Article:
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Summary Rectors' Forum 2013


During the Rectors’ Forum in Umeå 2013 118 delegates, from 37 countries and five different continents, lived and breathed many aspects of the relationship between universities and communities and their growth through university sport over two days in June. The various speakers delivered with enthusiasm and dynamism and impressed with the diversity and potential to make the addition of one plus one, far more than two when sport, notably university sport, is introduced into the mix. The participants were offered a range of examples of how innovative one can become most particularly through collaboration and partnership when university sport is the catalyst for change, for support and for growth. 

Day one
Baroness Sue Campbell offered us a wide range of examples of the power of sport to affect education attainment , the power of sport to inspire, based understandably on the recent experience within the UK of an Olympic and Paralympic Games in 2012 viewed through her lead role as Chair of UK Sport, but supported by her many years of service within the Youth Sport Trust, schools and university sport.

The five main themes she discussed:

  • Elite training centres
  • Applied sports science
  • Dual career pathways
  • Research and innovation
  • Coach development

These all offered signals such as:

  • World class athletes require world class support staff and quality facilities – these can be situated successfully within universities, but the challenge is to manage the share between top athlete requirements and the needs of other students and local community.
  • If top sport is to be part of a university’s identity, the director of sport must have a seat at the most senior table in the institution, and sport needs to feature in the university’s forward strategy as a cross cutting means of delivering essential life skills and health to the student experience.
  • Applied sports science is fast becoming the “go to” area of academic study as much as pure sport science.
  • Support of dual career pathways, notably through schemes such as TASS, have proven that universities can offer appropriate supportive environments for talented and podium level athletes.
  • Research and Innovation can be most effective if research and outcomes can be delivered in a short 3-4 year window.
  • Increasingly, it is being recognized that coach development as a degree level qualification is a requirement for long term success.

Martin Doulton’s hugely energetic display of the growth in participation has been possible to engender at Team Monash in Melbourne, underlined the fact that “Sport is about Spirit” and by this we mean community spirit. Team Monash has created a raft of activity events which are attractive to many aspects of the university internal but also its external community, attractive because they are tailored and convenient to community needs, operated in a safe environment and often tied to charitable giving. Sport has been used as a significant retention tool, and patently a means of learning other skills and values amongst a diverse student community

Sture Espwall and Paolo Bouquet demonstrated vividly but in stark contrast what some of the challenges and opportunities are when business and higher education meet. Sture used the 4-helix structured model of how innovation systems should work, and identified the clear fact that one of the challenges for universities when they partner business is their often limited agility, being bound by governance processes which can be too slow for the business need. Nevertheless, it is important to develop partnership from within one’s own reality.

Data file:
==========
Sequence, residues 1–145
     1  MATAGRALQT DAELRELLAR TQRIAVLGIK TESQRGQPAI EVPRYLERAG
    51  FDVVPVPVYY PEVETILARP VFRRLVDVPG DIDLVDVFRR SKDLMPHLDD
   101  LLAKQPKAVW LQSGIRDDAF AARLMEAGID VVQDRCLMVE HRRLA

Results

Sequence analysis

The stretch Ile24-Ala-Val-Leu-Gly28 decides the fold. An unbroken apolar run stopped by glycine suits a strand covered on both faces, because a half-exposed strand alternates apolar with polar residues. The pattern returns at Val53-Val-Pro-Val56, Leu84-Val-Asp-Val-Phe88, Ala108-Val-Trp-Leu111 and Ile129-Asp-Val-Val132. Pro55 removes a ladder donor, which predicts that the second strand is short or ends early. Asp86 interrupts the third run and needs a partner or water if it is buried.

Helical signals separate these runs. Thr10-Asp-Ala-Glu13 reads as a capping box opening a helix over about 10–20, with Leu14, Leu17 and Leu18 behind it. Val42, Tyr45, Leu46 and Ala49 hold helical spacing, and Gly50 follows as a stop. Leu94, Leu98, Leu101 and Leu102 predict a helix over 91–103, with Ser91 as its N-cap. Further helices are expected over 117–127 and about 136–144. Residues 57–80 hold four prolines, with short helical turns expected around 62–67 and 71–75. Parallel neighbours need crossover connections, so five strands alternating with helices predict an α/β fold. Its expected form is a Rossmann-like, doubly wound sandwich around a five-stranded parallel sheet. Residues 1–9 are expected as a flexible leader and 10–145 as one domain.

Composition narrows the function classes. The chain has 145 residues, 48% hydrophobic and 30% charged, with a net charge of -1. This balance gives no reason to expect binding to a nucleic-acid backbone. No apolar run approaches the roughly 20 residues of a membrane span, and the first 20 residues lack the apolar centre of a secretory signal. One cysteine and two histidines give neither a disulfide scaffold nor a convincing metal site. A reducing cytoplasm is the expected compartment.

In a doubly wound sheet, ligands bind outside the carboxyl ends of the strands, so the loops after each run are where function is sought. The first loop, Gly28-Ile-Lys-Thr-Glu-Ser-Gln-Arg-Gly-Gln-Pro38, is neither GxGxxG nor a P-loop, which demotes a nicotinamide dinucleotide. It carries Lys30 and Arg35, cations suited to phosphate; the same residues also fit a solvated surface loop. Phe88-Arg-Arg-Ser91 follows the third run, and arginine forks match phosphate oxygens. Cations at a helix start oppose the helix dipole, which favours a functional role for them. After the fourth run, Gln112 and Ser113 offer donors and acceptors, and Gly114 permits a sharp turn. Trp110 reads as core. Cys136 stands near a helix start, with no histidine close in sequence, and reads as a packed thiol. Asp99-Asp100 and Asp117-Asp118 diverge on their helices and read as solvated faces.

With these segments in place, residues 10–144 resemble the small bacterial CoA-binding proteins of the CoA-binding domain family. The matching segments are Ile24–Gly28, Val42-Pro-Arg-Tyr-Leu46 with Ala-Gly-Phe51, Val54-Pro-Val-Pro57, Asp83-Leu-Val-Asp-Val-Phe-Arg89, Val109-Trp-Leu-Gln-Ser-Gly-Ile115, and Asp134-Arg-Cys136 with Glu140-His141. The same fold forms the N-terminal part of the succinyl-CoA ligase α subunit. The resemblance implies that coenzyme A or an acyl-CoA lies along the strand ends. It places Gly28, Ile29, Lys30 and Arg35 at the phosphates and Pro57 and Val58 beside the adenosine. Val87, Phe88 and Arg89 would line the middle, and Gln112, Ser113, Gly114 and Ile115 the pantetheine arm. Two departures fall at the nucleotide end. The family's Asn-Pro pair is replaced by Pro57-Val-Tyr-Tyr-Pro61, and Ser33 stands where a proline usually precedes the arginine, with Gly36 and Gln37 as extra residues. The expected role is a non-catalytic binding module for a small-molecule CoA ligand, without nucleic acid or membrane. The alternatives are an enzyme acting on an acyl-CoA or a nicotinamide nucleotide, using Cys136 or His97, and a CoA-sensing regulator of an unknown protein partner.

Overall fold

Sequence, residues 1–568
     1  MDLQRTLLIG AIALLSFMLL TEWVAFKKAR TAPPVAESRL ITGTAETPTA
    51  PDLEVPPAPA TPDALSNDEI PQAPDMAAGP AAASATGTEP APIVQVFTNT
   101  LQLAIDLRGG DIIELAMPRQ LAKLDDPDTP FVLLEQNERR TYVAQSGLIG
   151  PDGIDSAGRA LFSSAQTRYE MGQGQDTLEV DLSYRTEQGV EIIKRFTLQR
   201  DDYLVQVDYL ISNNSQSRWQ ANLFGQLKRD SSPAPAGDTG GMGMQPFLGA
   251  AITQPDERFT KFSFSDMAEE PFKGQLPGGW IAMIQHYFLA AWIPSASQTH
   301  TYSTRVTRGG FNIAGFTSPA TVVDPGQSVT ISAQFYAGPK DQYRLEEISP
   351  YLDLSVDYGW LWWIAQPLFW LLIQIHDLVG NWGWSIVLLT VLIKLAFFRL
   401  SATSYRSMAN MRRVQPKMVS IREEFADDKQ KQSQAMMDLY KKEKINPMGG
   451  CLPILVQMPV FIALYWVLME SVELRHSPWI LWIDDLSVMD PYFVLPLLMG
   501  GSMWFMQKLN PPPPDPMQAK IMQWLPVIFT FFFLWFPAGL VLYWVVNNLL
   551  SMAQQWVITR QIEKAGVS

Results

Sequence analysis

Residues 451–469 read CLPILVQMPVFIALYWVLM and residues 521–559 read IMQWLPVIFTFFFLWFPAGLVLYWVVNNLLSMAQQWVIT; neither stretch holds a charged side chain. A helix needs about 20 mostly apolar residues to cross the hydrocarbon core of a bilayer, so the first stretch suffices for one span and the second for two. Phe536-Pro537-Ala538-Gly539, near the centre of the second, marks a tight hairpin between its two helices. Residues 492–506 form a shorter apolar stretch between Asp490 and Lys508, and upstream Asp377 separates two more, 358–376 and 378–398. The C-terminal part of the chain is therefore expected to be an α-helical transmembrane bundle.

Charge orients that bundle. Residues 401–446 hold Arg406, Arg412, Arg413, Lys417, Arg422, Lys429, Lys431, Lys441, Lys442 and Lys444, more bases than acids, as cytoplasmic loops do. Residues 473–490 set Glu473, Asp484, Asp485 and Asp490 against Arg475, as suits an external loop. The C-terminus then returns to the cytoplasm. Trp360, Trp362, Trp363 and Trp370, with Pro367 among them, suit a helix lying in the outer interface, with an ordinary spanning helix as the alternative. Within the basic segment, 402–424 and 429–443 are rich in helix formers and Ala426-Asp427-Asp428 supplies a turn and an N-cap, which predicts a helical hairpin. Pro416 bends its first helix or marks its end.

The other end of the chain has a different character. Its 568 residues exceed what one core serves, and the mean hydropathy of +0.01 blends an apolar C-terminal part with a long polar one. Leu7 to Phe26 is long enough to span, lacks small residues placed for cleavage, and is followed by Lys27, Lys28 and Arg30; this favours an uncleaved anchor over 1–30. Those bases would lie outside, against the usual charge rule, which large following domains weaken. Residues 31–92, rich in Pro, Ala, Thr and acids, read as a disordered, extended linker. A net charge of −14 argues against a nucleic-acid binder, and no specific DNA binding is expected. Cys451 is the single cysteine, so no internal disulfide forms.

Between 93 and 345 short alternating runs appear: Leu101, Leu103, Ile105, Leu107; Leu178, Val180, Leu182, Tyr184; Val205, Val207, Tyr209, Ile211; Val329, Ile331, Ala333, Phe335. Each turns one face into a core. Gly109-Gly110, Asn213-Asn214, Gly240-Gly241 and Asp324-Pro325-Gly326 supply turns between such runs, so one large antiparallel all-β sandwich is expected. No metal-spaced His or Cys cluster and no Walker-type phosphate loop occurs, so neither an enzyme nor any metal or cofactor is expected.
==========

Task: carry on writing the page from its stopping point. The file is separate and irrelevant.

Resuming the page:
Paolo demonstrated some exciting and innovative approaches to how an already vibrant region of Trentino is and will react to the opportunity which a major sporting event such as the FISU Winter Universiade brings into play. The OC will use sport as an image for growth and development, moving from innovation IN sport to innovation THROUGH sport. The use of crowd-funding related to support of some really bright project ideas generated a few months ago competitively amongst students of Trento University aimed at using Trentino as a laboratory with sport as the driver is but one example of how “thinking outside the box” is taking place.

Our four-part session on collaborative partnerships of our first day revealed to us the stunning range of sports science research being achieved here in Umeå across education, research and elite sport under the leadership of Ted Söderström.  Structurally this was further underpinned by Christer Malm indicating that the key to the services and work of the School of Sport Medicine are the overlapping platforms for education, research and interaction.

Simon Dahl through the Sport region Västerbotten demonstrated in a refreshingly frank manner how sport can be the driver for partnership and growth, and the importance of teamwork across partnership.

Lastly Malin Eggerrtz Forsmark set out the long term international research, development and training centre project focused on women’s sport. She again affirmed that the strategic positioning of partnership relies on one’s start point in reality – in this case a transnational local community – so we moved to an international approach to partnership here, delivering on a range of objectives which notably require university research, sport and business input.

Day Two
The second day brought a morning asserting the range of partnership development and engagement around dual career and elite sport support across Japan, USA, Sweden, Flanders/Belgium and Germany.  Each demonstrated how important it is to understand the historical and cultural influences which have to be taken into account in developing a national model best suited to identifying, servicing and supporting the needs of talent development and elite athletes. Please read more from the final day in Umeå here.